IT has been sold out for weeks and social media is awash with appeals for tickets – it can only be the Saints v Wigan Good Friday fixture.

Given its position on the calendar it is a game that can make or break Easter for thousands of fans either side of the Billinge divide.

But Friday’s game at the Totally Wicked Stadium, 3pm kick off, has plenty more significance riding on it beyond traditional local rivalry.

Defending champions Wigan come to town unbeaten and top of Super League, with a game in hand – and with a bubble that has been inflated from Grand Final and World Club Challenge success.

Saints will be confident of pricking that after back-to-back wins in Leeds, but they will need to pull out an altogether stronger and sharper pin from their armoury to do so.

It promises to be a bouncing atmosphere and one coach Paul Wellens knows only too well the significance of.

Wellens said: “We don’t need to over-hype this fixture. It’s Saints v Wigan on Good Friday and it sells itself.

“It’s been sold out a long time, and there’s plenty more who would like to come who can’t get tickets and that doesn’t happen a lot in rugby league – but it certainly happens for this fixture.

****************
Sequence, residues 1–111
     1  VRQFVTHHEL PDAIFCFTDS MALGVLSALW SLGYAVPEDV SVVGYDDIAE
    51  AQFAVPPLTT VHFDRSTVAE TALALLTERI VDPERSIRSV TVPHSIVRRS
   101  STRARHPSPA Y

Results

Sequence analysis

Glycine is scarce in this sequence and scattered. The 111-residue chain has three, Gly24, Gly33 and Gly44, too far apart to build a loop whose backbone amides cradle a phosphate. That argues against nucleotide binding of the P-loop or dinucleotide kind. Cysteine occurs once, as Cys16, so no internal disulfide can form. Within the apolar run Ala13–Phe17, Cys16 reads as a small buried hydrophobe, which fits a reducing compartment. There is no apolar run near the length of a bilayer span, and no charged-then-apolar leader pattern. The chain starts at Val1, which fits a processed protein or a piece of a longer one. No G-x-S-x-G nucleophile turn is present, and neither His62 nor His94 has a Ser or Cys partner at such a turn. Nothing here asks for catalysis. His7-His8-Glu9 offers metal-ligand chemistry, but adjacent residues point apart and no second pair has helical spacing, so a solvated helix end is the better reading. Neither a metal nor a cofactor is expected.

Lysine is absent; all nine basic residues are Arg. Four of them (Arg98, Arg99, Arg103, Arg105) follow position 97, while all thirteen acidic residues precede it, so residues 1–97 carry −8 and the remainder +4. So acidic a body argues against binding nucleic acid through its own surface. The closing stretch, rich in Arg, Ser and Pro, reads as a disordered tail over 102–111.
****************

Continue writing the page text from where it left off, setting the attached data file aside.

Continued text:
“That is a clear sign of how big this game is.

“Coaches, players and fans have both clubs can’t wait for it.

“It is one fixture that you put a circle around at the start of every year and we are excited about facing the challenge of facing a strong Wigan side.

“We are two teams in recent history that have had a lot of success – and part of achieving that is understanding how to handle big games, how to handle big moments and channel that your emotions in the right way.”

This is Wellens’ second Good Friday as a head coach, but he had a wealth of experience of this fixture as a player featuring in 14 from 2000.

He said: “This is THE game in British rugby league – we have Grand Finals and Challenge Cup Finals as showpiece occasions, but next after that is Saints v Wigan on Good Friday.

“It’s the game everyone wants to watch – and that will be the same on both sides of the rugby league world.

“I have had the pleasure to play in a number of them, but to now lead the team as coach is a huge honour and privilege because I know how much the fixture means to everyone.”

That view is echoed by Jonny Lomax, who will be leading the team out as captain for the first time on a Good Friday.

“The history of the fixture gives an added spice and incentive,” he said.

“It is going to be a proud moment for me to walk the team out – just as it is any time I take the field in these games.

“Being a Saints supporter when I was younger it means and awful lot to me and my family.

“I was brought up on it – and being from Billinge, slap bang in the middle, there was always bragging rights in the village depending how the result goes.”